To get the "source_machine_image" (i.e. the image ID), execute triton image get with the image name.

Our custom image will be called cat_randomizer.

  "builders": [      {        "type": "triton",        "triton_url": "{{user `triton_url`}}",        "triton_account": "{{user `triton_account`}}",        "triton_key_id": "{{user `triton_key_id`}}",        "ssh_username": "root",        "ssh_private_key_file": "/Users//.ssh/id_rsa",        "source_machine_name": "nginx-1",        "source_machine_package": "g4-highcpu-128M",        "source_machine_image": "88cf77e4-1958-11e7-bda8-777cc817ade5",        "image_name": "cats_randomizer_packer",        "image_version": "1.0.0"      }  ],

Note: For your SSH key to be usable, it must be available through the ssh-agent.

Once our builder is in place, we can add provisioners to customize it. We'll be using two types of provisioners: shell and file.

The shell provisioner will call to the shell script, which ensures that the Nginx image matches the setup of our local application as to not break it.

The file provisioners upload all of our necessary application materials. This can be either a single file, such as index.html, or an entire directory, such as css/.

  "provisioners": [      {        "type": "shell",        "script": ""      },      {        "type": "file",        "source": "index.html",        "destination": "/usr/share/nginx/html/"      },      {        "type": "file",        "source": "container.json",        "destination": "/usr/share/nginx/html/"      },      {        "type": "file",        "source": "css/",        "destination": "/usr/share/nginx/html/css/"      },      {        "type": "file",        "source": "resources/",        "destination": "/usr/share/nginx/html/resources/"      }  ]}

All together this creates a single JSON file to build your Packer image.

Full Packer configuration file

The full Packer configuration file, cat-config.json, contains the following:

{  "variables": {      "triton_url": "{{env `SDC_URL`}}",      "triton_account": "{{env `SDC_ACCOUNT`}}",      "triton_key_id": "{{env `SDC_KEY_ID`}}"  },  "builders": [      {        "type": "triton",        "triton_url": "{{user `triton_url`}}",        "triton_account": "{{user `triton_account`}}",        "triton_key_id": "{{user `triton_key_id`}}",        "ssh_username": "root",        "ssh_private_key_file": "/Users//.ssh/id_rsa",        "source_machine_name": "nginx-1",        "source_machine_package": "g4-highcpu-128M",        "source_machine_image": "88cf77e4-1958-11e7-bda8-777cc817ade5",        "image_name": "cats_randomizer_packer",        "image_version": "1.0.0"      }  ],  "provisioners": [      {        "type": "shell",        "script": ""      },      {        "type": "file",        "source": "index.html",        "destination": "/usr/share/nginx/html/"      },      {        "type": "file",        "source": "container.json",        "destination": "/usr/share/nginx/html/"      },      {        "type": "file",        "source": "css/",        "destination": "/usr/share/nginx/html/css/"      },      {        "type": "file",        "source": "resources/",        "destination": "/usr/share/nginx/html/resources/"      }  ]}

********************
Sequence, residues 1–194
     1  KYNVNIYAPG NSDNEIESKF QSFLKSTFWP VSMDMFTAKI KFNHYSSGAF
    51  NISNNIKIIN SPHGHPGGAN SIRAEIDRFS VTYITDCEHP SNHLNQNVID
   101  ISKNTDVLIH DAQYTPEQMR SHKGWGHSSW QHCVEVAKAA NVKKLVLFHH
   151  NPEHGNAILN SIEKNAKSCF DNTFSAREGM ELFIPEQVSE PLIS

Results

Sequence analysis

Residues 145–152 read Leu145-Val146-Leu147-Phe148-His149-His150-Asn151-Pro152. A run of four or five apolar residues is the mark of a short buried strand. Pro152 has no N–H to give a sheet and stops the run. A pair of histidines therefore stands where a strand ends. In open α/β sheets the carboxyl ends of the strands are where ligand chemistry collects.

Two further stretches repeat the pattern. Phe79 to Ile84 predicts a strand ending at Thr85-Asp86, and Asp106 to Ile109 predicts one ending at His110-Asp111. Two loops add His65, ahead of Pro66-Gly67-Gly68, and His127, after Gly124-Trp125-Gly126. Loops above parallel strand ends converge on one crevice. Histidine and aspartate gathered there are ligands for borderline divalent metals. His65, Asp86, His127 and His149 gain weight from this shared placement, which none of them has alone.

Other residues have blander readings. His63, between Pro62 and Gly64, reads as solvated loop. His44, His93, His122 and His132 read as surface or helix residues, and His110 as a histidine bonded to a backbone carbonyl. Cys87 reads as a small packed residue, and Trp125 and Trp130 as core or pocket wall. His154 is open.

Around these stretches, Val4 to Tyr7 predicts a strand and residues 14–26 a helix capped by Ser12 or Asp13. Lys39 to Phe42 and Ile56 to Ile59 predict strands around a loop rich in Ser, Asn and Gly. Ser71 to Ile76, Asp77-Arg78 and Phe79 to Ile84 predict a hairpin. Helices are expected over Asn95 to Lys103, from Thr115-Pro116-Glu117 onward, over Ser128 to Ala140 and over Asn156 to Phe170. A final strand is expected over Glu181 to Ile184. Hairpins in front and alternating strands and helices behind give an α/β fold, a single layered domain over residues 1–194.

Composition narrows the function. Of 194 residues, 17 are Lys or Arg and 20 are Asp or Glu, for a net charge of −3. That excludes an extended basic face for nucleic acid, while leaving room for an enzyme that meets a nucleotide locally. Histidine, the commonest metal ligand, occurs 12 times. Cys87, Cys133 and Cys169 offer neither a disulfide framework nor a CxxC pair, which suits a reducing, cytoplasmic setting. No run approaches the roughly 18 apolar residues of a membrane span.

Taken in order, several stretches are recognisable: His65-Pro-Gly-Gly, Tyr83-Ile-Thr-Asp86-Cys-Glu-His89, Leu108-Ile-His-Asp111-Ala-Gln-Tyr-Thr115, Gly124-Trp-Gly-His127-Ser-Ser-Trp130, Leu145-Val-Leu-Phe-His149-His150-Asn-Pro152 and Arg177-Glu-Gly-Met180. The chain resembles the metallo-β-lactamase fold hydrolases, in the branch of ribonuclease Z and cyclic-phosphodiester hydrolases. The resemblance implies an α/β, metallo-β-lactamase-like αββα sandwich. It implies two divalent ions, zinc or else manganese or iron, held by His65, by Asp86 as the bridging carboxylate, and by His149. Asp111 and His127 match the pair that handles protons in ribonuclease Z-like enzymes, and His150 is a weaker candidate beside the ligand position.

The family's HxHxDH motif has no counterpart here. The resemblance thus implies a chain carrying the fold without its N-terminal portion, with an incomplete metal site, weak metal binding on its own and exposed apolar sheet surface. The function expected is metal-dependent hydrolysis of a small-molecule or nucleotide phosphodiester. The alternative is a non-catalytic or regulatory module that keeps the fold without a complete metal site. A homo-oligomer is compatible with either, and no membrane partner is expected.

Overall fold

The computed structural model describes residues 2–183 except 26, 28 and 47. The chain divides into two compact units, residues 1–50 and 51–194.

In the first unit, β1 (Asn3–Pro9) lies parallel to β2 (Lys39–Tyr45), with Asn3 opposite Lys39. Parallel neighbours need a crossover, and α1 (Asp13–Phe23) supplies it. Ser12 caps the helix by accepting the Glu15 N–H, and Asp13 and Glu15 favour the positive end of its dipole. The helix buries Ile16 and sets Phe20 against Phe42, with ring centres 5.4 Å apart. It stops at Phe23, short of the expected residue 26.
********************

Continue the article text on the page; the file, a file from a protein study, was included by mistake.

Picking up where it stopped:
Build the image

Once the template is completed, you're ready to build the image. But before we build it, it's important to validate the template and ensure that the JSON syntax and configuration values are correct.

First get into your default Triton environment:

eval "$(triton env)"

Then run packer validate with the name of the Packer template:

$ packer validate cat-config.jsonTemplate validated successfully.

Note: If the template was not successful, that means there is an error in your configuration file. The validate command should tell you where to find the error.

If you receive the success notice, you can move on to build the Cat Randomizer image. To do so, we'll be executing packer build with the name of our template file:

$ packer build cat-config.jsontriton output will be in this color.==> triton: Creating source machine...==> triton: Waiting for source machine to become available...==> triton: Waiting for SSH to become available...==> triton: Connected to SSH!==> triton: Provisioning with shell script:> triton: Uploading index.html => /usr/share/nginx/html/==> triton: Uploading container.json => /usr/share/nginx/html/==> triton: Uploading css/ => /usr/share/nginx/html/css/==> triton: Uploading resources/ => /usr/share/nginx/html/resources/==> triton: Stopping source machine (794f88bb-8198-cbde-e94a-c87e9730eae8)...==> triton: Waiting for source machine to stop (794f88bb-8198-cbde-e94a-c87e9730eae8)...==> triton: Creating image from source machine...==> triton: Waiting for image to become available...==> triton: Deleting source machine...==> triton: Waiting for source machine to be deleted...Build 'triton' finished.==> Builds finished. The artifacts of successful builds are:--> triton: Image was created: fc54ddf8-d0f4-478d-a2af-5a03776453eb

At the end of the output, you'll see a list of the artifacts from your build. For us, that's a single Triton image with the ID fc54ddf8-d0f4-478d-a2af-5a03776453eb. Check out your newly created image within the list of Triton images:

$ triton images SHORTID   NAME                      VERSION     FLAGS  OS       TYPE         PUBDATE25483bdc  nginx-1                   20160413    P      linux    lx-dataset   2016-04-13[...]fc54ddf8  cats_randomizer_packer    1.0.0       I      linux    lx-dataset   2017-10-23

The cats_randomizer_packer image is now available for you to deploy a container.

Deploy the container

After the image has been built on Triton, you can quickly spin up a new container. Once again, you should be in the Triton profile where the image was deployed:

eval "$(triton env)"

To spin up a new container with our Packer image, we'll be using triton instance create. For more on how to use that command, read our documentation on instance creation.

$ triton instance create -w --name=cats-randomizer cats_randomizer_packer g4-highcpu-128MCreating instance cats-randomizer (3cd96488-079f-639f-927a-df624ef1a79d, cats_randomizer_packer@1.0.0)Created instance cats-randomizer (3cd96488-079f-639f-927a-df624ef1a79d) in 38s

Let's check out our new application and make sure everything is running as expected. To do so, we'll need the IP address:

$ triton inst ip 3cd96488165.225.173.157

You can check out my live application at

Watch the webinar

Want to see this image creation in action? Sign up to watch our on-demand webinar for creating custom images with Packer.

Post written by Alexandra White